Numiscollects ‘Elves’ delves into the world of the fantastic with a new silver coin series
Numiscollect release a wide range of intriguing coin designs with subjects encompassing everything from space and nature to architecture and mythology. Their latest coin sits firmly in the last category and joins a burgeoning range of options. Despite that, the company seems to have a knack of picking subjects just that little bit different, exemplified by the recent Quetzalcoatl coin. Instead of picking deities of ancient lore, Fantastic Fantasy is looking at the broader picture of mythology that still permeates modern culture.
Popularised in modern culture by the works of Tolkien and his expansive Middle Earth books, elves have nevertheless had a long history in mythology. The artwork for Numiscollect’s new coin is very much in the Tolkienesque style and watchers of the recent hit movies by Peter Jackson will certainly appreciate the look being presented here. Depicting an elf in traditional forest garb and carrying a bow with a quiver of arrows on her back, this element of the design is coloured. The background is of a forest scene and is cleanly struck to a proof finish. SmartMinting is employed to create a n excellent level of relief while maintaining fine detail.Inscriptions are limited to just the text ‘ELVES’ and it’s incorporated into the design well enough to be completely unobtrusive. A small series logo is also presnt.
The obverse is the standard one present on issues from the Oceanic nation of Palau. The shield emblem and boat sit in the centre surrounded by the issuer and denomination. This one-ounce fine silver coin will come in a box with a certificate of authenticity and mintage will be limited at 499 pieces. Available to pre-order now, it will ship around the end of October.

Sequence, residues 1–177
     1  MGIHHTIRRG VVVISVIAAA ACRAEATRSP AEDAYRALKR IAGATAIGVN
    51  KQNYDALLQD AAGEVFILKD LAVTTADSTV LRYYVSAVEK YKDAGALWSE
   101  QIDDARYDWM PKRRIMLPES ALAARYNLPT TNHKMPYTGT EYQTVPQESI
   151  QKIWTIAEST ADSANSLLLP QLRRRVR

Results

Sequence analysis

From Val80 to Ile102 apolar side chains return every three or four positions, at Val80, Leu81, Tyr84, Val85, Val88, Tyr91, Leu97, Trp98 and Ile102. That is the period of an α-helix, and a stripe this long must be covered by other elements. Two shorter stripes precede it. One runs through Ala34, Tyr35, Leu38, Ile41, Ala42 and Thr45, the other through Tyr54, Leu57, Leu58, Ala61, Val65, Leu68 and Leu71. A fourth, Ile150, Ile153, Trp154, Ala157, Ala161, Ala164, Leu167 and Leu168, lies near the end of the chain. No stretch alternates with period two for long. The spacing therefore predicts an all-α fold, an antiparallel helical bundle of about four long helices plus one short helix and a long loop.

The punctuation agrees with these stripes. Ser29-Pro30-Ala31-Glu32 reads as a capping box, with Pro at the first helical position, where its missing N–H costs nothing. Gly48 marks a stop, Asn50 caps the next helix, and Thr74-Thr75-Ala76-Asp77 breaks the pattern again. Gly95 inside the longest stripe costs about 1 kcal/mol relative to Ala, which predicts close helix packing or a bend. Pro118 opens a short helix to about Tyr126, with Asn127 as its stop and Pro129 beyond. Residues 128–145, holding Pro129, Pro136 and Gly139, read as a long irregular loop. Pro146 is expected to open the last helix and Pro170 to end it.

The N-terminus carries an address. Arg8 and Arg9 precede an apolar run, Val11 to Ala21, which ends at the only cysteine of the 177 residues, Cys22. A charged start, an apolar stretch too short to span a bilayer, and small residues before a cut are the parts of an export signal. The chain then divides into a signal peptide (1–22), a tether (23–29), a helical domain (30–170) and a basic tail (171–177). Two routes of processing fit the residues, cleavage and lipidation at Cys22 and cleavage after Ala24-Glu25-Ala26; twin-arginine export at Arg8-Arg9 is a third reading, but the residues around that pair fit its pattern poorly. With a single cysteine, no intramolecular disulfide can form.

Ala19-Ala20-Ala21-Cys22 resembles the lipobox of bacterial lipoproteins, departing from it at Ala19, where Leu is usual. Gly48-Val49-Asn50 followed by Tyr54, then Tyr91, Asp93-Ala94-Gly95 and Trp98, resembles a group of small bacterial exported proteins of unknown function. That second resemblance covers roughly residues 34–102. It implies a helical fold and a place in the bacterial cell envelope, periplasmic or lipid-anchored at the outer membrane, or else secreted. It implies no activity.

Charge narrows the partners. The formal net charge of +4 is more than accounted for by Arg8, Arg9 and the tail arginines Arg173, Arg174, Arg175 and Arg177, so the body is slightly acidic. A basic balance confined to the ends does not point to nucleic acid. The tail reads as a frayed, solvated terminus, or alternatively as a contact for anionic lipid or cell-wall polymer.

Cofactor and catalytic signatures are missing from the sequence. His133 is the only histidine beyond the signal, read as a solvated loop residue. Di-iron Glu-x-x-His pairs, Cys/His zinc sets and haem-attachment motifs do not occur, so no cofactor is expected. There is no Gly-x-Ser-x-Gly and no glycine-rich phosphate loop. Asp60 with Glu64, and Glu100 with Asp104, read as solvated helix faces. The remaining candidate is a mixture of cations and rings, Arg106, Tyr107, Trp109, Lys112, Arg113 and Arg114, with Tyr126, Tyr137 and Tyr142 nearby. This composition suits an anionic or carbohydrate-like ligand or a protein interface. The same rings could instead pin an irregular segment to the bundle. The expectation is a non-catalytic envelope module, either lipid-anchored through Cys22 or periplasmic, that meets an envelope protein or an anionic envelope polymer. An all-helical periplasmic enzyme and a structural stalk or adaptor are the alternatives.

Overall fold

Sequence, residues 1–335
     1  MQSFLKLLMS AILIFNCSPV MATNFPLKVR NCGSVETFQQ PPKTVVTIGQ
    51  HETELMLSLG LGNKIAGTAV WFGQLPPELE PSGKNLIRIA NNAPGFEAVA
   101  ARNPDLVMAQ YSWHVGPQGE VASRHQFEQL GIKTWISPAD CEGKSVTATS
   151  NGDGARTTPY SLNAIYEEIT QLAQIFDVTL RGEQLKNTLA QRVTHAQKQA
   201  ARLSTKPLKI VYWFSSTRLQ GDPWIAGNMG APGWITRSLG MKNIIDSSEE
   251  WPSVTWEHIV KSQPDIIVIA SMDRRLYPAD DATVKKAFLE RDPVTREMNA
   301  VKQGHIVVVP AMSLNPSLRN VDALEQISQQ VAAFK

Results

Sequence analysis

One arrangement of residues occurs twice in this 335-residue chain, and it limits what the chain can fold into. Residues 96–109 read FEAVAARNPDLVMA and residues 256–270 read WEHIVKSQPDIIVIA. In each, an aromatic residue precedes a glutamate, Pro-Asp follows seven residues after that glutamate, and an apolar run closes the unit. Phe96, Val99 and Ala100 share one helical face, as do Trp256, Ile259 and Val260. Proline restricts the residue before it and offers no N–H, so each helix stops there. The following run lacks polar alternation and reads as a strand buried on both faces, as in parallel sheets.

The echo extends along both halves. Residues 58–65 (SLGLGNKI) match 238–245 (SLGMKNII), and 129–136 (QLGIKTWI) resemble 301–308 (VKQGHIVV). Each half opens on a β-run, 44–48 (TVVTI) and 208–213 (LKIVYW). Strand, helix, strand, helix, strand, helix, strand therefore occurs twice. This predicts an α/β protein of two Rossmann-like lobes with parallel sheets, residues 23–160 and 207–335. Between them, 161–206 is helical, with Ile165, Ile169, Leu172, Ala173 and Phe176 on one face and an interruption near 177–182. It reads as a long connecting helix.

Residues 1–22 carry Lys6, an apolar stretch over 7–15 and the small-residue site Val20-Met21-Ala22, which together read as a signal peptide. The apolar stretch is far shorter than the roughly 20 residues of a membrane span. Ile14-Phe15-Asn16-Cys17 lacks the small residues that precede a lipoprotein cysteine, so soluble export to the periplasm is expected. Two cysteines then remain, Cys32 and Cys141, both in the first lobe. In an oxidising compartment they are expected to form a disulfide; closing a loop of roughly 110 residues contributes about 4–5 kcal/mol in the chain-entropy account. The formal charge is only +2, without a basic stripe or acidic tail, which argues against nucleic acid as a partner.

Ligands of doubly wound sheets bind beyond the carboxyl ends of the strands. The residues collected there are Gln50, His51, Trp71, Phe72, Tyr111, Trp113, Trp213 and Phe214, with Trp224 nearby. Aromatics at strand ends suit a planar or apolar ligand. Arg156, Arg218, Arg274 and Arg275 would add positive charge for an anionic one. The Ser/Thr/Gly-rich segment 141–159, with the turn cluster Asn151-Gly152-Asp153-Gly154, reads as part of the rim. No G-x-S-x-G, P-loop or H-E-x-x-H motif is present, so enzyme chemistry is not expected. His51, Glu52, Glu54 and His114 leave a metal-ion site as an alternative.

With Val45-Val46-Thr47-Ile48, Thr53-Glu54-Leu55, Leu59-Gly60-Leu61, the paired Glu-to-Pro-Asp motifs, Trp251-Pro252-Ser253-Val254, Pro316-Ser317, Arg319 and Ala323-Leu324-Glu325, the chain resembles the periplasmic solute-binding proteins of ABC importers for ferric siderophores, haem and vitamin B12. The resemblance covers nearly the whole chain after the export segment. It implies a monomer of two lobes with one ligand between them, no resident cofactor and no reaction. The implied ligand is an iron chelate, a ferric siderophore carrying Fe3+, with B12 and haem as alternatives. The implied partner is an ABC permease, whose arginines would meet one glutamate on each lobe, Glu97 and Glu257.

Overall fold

An elf is a type of human-shaped supernatural being in Germanic mythology and folklore. Reconstructing the early concept of an elf depends almost entirely on texts in Old English or relating to Norse mythology. Later evidence for elves appears in diverse sources such as medical texts, prayers, ballads, and folktales.
In medieval Germanic-speaking cultures, elves seem generally to have been thought of as beings with magical powers and supernatural beauty, ambivalent towards everyday people and capable of either helping or hindering them. However, the precise character of beliefs in elves across the Germanic-speaking world has varied considerably across time, space, and different cultures. In Old Norse mythological texts, elves seem at least at times to be counted among the pagan gods; in medieval German texts they seem more consistently monstrous and harmful.
Elves are prominently associated with sexual threats, seducing people and causing them harm. For example, a number of early modern ballads in the British Isles and Scandinavia, originating in the medieval period, describe human encounters with elves.
In English literature of the Elizabethan era, elves became conflated with the fairies of Romance culture, so that the two terms began to be used interchangeably. German Romanticist writers were influenced by this notion of the “elf”, and reimported the English word elf in that context into the German language. In Scandinavia, probably through a process of euphemism, elves often came to be known by names like huldra or huldufólk (‘hidden people’)—or conceivably were conflated with an earlier category of beings with these names. The “Christmas elves” of contemporary popular culture are a relatively recent tradition, popularized during the late nineteenth-century in the United States. Elves entered the twentieth-century high fantasy genre in the wake of works published by authors such as J. R. R. Tolkien.
|NAME||2017 THE ELVES|
|BOX / COA||Yes / Yes|
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